Classic Country

LA International Airport Song Meaning

todayAugust 12, 2023 210 11 5

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“L.A. International Airport” is a country-pop song performed by Susan Raye. The song was written by Leanne Scott, and first recorded by David Frizzell. Her version was released in 1971 as a single from her album, “Willy Jones.” The song became one of her most well-known hits and is often associated with her career. In 2003, it was proclaimed to be the official song of Los Angeles International Airport. For me, while the lyrics were above my head at the time, the song was a thrilling, unrealized call west.

As an adult, I still love the song and turn the volume up when it plays on our stream.

Let’s dive into the meaning of LA International Airport. There’s much more underneath than just the famous setting. The song tells a story of heartbreak and departure at the Los Angeles International Airport (LAX). The lyrics suggest a woman is told by her significant other that their relationship is over. “Says he doesn’t love me anymore.” She packs her bag, calls a cab, and heads to LAX, feeling anxious about what seems like a forced decision to depart from the life she knew.

The entire experience is emotional and chaotic. All at once, she is ending a relationship and navigating her way through one of the busiest airports in the world, which can be sensory overload. It seems like a heavy layer over heartbreak.

While moving through the bustling airport and making her way to the plane, she encounters a variety of travelers, who all come together to take the flight. From a hollywood star, a hippie and a diplomat to college kids returning home, she reminds the listener that hers’ is but one of the stories on the plane. It’s worth noting that air travel brings all walks of life and many individual stories together with a common purpose, to arrive at a new destination.

While Raye never mentions which airline she is flying, the lyrics imply that it is United Airlines, whose slogan, at the time she recorded the song, was “Fly The Friendly Skies.”

“Captain’s voice so loud and clear, amplifies into my ear, assuring me I’m flying friendly skies.”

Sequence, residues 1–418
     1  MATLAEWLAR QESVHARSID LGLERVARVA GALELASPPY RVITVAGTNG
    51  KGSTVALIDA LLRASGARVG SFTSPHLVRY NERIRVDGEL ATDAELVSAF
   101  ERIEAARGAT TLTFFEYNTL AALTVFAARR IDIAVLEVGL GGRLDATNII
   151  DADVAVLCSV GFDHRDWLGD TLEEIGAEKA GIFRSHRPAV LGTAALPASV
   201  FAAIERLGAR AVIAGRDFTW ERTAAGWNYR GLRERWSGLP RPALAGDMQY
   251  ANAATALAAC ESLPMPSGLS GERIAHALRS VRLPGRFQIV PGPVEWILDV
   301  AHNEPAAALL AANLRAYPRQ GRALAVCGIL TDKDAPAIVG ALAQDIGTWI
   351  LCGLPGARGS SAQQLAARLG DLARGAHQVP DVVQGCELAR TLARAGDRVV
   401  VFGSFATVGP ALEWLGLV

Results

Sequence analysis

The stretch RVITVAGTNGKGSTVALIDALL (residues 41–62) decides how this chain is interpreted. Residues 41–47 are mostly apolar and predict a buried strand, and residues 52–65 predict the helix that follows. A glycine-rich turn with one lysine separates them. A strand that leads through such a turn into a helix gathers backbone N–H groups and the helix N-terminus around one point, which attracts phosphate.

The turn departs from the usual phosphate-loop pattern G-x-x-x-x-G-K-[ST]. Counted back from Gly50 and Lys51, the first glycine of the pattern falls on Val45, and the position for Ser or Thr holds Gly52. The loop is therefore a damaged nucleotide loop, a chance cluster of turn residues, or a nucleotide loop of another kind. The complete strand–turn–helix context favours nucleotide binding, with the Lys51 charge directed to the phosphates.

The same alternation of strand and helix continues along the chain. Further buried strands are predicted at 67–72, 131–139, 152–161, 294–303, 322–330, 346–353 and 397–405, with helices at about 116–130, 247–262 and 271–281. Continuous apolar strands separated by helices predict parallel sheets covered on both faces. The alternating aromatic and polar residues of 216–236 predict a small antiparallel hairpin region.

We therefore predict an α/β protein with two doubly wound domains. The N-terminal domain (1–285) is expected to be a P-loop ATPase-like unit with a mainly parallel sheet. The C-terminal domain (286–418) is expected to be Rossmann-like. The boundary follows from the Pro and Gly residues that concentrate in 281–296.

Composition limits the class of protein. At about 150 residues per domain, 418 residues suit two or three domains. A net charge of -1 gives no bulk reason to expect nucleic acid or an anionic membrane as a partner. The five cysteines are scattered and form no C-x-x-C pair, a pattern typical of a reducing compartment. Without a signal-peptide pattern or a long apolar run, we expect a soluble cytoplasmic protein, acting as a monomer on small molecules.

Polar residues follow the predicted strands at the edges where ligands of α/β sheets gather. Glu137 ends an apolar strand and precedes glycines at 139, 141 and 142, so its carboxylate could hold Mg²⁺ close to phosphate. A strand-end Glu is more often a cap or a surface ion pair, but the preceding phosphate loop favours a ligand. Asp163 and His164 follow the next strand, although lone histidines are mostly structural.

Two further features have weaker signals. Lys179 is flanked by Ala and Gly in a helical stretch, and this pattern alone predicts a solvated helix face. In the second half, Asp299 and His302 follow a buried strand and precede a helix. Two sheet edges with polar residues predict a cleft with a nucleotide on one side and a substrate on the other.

Even in the most uncertain times, there are moments of clarity. In “L.A. International Airport,” this moment arrives when she looks out of the plane window and sees her suitcase on the baggage cart. Even though she is on the plane, the sight of her bag taking the same journey, in parallel, is what brings her to the realization that her relationship and time in Los Angeles are really over, and she is leaving her life behind for a new chapter. It’s a poignant point of quiet reflection in an otherwise noisy moment in her life.

The song was Susan Raye’s most recognizable hit. It reached number 9 on the Billboard Country Singles Chart and 54 on the Billboard Hot 100. Her chart success with the single was even bigger outside of the United States. It reached number 1 in New Zealand and number 2 in Australia, making it an international hit.

Susan Raye was discovered in Portland, Oregon by Buck Owens’ manager, Jack McFadden. He arranged for her to travel to Bakersfield to meet with Buck Owens, and if you are a Hee Haw fan, the rest is history. They became successful duet partners, while also achieving success as solo artists at the same time. It was unusual for a country singer to find success without coming up through the Nashville system. Yet, Susan Raye did by coming through the “Bakersfield sound,” which Buck Owens and Merle Haggard were popularizing at the time.

In 2003, Susan Raye performed the song at LAX for its 75th anniversary celebration, a rare, public appearance after her retirement from the industry in 1986.

I wish I had been there…

They lyrics are incorrect in different corners of the internet. These are the correct lyrics. Feel free to play the song from the video embed, scroll down to the lyrics, and loudly sing along to celebrate Susan Raye.

Video for L.A International Airport

 

Lyrics for L.A. International Airport

Standing in that silent hall

Waitin’ for that final call

Says he doesn’t love me anymore

Shakin’ hands, I pack a bag

Tremblin’ voice, I call a cab

Slowly, I start walkin’ through the door

 

The cab arrives, he blows his horn

I stumble out in the early morn’

Tell him of the place I’ve got to go

Hit a hundred signal lights

Peterbilts in a traffic fight

Gettin’ through these doors has been so slow

 

L.A. International Airport

Where the big jet engines roar

L.A. International Airport

I won’t see him anymore.

 

Stewardess in a mini-skirt

A Hippie in a leather shirt

Starlet on her way to Naples, Rome

While I’m wonderin’ where it’s at

I see a Paris diplomat

College kids are tryin’ to get back home

 

Baggage cart goes quickly by

See my case, and I start to cry

Stumble to the lounge to be alone

And while I’m tryin’ to get some rest

I bite my lips and try my best

To fight the pain that’s makin’ me leave home

 

L.A. International Airport

Where the big jet engines roar

L.A. International Airport

I won’t see him anymore

 

With Silver wings across the sky

Vapor trails that wave goodbye

To those below who’ve got to stay at home

I wish that I had flown at night

So I could take that Champagne flight

Rid myself of every tear I own

 

Soaring high above the heavens

In a seven-forty-seven

Fighting back the tears that curse my eyes

Captain’s voice so loud and clear

Amplifies into my ear

Assuring me I’m flying friendly skies

 

L.A. International Airport

Where the big jet engines roar

L.A. International Airport

 

I won’t see him anymore.

Written by: Nick Rainey

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